French commander in Indochina, Algeria wars dies

  • Fri Jun 18th, 2010 6:25am
  • News

Associated Press

PARIS — Gen. Marcel Bigeard, 94, who led French forces in colonial wars in independence-seeking Indochina and Algeria after serving in the French Resistance in World War II, has died.

“He has been called the best paratrooper in the world, and whatever the truth of that, he most certainly has a claim as the most battle-proven,” said Martin Windrow, a British historian and expert on France’s colonial wars.

Born Feb. 14, 1916, in Toul in eastern France, Bigeard rose to fame during France’s untimately doomed effort to reassert control over its colony in Vietnam, after it proclaimed independence in 1945. He served three combat tours there, and his crack 6th Colonial Parachute Battalion became France’s spearhead in the war against President Ho Chi Minh’s nationalist guerrillas.

He was captured along with about 12,000 other defenders when insurgents overran the French fortress of Dien Bien Phu in May 1954 — knocking France out of the war and paving the way for the 20-year American involvement in Vietnam.

Within a year, Bigeard — then in command of a parachute regiment — was back in action, battling Algerian freedom fighters in the capital, Algiers.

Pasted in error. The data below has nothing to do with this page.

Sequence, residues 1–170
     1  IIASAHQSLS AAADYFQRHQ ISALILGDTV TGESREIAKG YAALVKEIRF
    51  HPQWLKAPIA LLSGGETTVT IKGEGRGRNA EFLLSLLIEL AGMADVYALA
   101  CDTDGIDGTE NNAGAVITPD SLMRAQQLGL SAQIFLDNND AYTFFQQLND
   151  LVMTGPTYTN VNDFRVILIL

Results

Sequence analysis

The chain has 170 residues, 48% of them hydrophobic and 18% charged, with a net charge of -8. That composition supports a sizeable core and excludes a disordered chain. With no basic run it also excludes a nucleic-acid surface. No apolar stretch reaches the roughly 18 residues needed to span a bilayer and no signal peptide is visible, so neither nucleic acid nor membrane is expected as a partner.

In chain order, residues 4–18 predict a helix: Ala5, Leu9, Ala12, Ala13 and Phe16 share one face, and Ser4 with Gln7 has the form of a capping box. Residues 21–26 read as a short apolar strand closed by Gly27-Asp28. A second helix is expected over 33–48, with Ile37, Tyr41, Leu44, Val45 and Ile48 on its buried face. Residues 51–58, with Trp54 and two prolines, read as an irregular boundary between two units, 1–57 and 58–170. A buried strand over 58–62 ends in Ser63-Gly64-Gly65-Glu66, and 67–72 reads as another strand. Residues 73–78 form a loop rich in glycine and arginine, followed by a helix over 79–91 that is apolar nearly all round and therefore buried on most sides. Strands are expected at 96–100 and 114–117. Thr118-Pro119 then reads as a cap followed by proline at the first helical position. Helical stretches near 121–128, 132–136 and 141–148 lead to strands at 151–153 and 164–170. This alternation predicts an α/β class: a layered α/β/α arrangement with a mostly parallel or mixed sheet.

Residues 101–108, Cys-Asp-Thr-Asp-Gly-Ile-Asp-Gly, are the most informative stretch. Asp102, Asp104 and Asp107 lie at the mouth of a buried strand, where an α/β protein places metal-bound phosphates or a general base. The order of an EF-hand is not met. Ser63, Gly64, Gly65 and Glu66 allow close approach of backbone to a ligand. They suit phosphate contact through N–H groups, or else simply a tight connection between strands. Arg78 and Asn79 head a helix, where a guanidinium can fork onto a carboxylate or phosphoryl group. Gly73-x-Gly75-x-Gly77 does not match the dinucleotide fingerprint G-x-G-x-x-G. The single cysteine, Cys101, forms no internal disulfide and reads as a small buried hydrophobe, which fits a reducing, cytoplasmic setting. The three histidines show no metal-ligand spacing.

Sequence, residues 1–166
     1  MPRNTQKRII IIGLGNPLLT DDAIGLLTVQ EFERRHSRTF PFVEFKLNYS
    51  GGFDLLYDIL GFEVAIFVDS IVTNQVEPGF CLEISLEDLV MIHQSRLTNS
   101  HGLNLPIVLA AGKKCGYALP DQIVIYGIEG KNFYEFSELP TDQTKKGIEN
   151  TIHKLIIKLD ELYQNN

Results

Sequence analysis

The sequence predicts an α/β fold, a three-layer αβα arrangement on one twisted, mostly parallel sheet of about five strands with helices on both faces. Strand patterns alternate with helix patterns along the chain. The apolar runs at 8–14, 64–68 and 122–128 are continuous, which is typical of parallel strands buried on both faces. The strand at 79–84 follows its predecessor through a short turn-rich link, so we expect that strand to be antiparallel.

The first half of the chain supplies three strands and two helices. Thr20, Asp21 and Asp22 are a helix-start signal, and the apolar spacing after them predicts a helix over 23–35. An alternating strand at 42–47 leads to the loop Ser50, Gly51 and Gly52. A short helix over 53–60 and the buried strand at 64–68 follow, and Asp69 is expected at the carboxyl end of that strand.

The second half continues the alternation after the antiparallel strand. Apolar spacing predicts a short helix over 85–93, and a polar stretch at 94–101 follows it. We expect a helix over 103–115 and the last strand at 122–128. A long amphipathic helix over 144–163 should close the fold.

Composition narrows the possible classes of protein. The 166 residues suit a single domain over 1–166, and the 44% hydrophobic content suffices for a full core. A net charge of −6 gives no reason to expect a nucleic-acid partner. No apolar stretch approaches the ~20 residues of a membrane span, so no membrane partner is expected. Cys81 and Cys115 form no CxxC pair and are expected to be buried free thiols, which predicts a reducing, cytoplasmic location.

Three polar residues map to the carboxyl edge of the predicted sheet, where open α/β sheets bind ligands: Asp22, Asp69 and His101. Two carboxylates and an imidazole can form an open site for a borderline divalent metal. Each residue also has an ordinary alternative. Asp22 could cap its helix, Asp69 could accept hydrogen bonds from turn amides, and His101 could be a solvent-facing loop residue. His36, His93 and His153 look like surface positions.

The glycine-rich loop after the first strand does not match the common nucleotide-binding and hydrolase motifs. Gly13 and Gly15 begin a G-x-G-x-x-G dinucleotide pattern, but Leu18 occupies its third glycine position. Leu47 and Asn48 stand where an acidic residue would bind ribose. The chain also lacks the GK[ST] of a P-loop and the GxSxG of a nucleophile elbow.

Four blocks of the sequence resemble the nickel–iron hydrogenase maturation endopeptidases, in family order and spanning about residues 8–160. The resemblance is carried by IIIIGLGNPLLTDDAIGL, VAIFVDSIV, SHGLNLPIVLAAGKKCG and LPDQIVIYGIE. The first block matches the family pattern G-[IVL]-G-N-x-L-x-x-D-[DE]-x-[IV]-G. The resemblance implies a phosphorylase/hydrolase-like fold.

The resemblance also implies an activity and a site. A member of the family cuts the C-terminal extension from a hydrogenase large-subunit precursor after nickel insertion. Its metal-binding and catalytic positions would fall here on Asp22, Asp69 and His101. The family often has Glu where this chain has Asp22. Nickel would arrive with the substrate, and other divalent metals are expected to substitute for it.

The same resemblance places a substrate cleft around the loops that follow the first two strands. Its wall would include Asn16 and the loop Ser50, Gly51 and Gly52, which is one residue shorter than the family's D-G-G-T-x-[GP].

His ruthless methods helped stabilize the military situation there. But they also linked him to widespread torture of captured insurgents, an accusation Bigeard always denied.

He emerged from the Algerian war, which France finally lost in 1961, as one of the country’s most decorated military officers.

He went on to serve as secretary of state for defense in the 1970s and as a legislator in France’s lower house of parliament.

During World War II, Bigeard served in the French Resistance. His death came as France was marking the 70th anniversary of Gen. Charles de Gaulle’s defiant broadcast on BBC radio urging the French people to resist the Nazi occupation.

President Nicolas Sarkozy, in London today to mark the anniversary, expressed in a statement his “deep sadness” at Bigeard’s death, calling him an “ardent patriot.”

No details about the cause or time of death were immediately available. Arrangements for funeral ceremonies were under way today.